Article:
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If you're reading this, then you probably suspect there's something wrong with your motor capacitor.
Are you wondering how to tell if your capacitor is failing?
In this helpful article, you will find out:A capacitor is an energy storing device. It is a medium by which energy is stored to either be released suddenly or over a period of time. The energy or capacitance of an electric capacitor is measured in the form of micro-farads. Essentially, two plates are separated by a material known as a dielectric or insulator. These insulators can be mica, ceramic, porcelain, Mylar, Teflon, glass, or rubber. Capacitors will also limit the current. They can be used to store voltage or build it up until the call for it to be released is present.The schematic symbol for a capacitor actually closely resembles how it's made. A capacitor is created out of two metal plates and an insulating material called a dielectric. The metal plates are placed very close to each other, in parallel, but the dielectric sits between them to make sure they don't touch.
The dielectric can be made out of all sorts of insulating materials: paper, glass, rubber, ceramic, plastic, or anything that will impede the flow of current.Electric motor start-run capacitor selection guide:
This article explains how to select an electric motor start capacitor, hard start capacitor, or run capacitor that is properly rated for and matches the requirements of the electric motor such as an AC compressor motor or fan motor where the capacitor is to be installed.The capacitors are an essential part of your air conditioning system. The capacitors are small cylindrical shaped containers that lie inside the housing of the air conditioner. The main purpose of them is to store energy and provide it to the motor upon start-up and when running. They are called a start capacitor and a run capacitor.When your air conditioner first turns on, it requires a massive amount of energy to begin its cycle. Often, your home’s electrical system can’t handle the large load of energy needed to get the system going. This is where the start capacitor comes in. Once the AC is turned on, the start capacitor sends an immediate electrical charge, or boost, to get the rotation of the motor started. Once the proper amount of torque, or energy, is pushed to the motor, then the start capacitor shuts off.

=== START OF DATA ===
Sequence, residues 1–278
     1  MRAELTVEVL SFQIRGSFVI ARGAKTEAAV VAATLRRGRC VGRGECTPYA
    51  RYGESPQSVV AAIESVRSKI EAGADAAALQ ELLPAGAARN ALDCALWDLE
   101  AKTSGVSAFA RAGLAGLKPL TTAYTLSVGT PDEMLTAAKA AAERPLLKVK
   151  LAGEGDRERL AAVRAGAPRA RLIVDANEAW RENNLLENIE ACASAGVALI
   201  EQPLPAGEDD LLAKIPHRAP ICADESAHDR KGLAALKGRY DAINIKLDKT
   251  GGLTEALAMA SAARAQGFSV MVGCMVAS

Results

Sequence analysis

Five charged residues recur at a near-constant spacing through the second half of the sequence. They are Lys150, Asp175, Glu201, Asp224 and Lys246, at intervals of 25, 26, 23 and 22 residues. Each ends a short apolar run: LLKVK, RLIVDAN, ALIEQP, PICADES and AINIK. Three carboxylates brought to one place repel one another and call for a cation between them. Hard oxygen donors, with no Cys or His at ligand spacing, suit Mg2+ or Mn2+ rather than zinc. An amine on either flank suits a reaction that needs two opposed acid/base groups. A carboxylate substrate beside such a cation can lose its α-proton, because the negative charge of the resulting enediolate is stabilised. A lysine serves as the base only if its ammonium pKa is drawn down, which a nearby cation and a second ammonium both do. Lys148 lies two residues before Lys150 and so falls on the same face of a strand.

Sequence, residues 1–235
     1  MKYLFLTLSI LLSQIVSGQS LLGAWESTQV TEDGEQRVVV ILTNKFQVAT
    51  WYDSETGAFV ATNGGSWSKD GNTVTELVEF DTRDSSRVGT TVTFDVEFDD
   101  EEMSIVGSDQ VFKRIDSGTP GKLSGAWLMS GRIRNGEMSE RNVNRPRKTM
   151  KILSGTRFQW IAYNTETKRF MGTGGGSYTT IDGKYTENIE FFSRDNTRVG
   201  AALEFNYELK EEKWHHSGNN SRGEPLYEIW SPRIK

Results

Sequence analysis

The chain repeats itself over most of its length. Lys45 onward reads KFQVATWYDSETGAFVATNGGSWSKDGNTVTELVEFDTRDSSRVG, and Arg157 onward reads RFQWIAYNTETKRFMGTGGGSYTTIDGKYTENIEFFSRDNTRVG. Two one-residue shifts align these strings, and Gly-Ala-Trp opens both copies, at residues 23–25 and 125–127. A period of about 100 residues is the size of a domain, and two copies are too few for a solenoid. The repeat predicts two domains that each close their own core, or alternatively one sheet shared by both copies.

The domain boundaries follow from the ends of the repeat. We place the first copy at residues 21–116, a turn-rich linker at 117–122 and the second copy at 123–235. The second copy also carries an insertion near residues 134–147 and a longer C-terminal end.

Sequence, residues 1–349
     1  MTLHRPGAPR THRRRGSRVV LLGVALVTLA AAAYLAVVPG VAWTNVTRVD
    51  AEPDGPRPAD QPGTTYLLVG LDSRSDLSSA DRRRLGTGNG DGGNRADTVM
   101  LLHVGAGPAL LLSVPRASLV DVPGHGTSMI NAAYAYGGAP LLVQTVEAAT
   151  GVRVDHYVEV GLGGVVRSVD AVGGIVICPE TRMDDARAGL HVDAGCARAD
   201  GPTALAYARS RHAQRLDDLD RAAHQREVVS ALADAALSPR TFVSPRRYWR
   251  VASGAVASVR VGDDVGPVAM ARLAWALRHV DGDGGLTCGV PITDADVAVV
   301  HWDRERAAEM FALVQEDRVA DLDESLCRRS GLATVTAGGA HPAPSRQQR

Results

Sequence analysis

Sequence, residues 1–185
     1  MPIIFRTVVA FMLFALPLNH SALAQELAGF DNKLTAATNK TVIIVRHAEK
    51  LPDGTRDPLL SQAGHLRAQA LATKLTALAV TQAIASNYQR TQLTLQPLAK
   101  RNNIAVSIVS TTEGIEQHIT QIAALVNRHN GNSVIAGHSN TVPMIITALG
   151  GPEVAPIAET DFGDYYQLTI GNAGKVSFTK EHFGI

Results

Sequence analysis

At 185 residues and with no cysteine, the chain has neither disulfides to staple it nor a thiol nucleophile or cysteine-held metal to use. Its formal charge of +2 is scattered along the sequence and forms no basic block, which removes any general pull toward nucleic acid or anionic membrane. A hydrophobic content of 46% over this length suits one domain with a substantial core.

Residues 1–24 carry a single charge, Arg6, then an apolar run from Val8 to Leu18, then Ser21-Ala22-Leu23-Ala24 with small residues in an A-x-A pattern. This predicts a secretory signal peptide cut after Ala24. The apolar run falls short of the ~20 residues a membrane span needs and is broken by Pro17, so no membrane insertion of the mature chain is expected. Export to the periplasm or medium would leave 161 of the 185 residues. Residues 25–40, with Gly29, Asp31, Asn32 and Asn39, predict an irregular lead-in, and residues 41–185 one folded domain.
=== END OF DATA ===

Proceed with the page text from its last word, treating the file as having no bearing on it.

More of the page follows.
Once the system has started and is operating, the run capacitor takes over and provides the extra power to run the air conditioner for long periods of time. When the air conditioner is running, both capacitors create and store energy for the push for the next cycle. Many air conditioning systems, as well as heat pumps, use a dual capacitor system which connects both the start and run capacitors to the compressor and fan motors.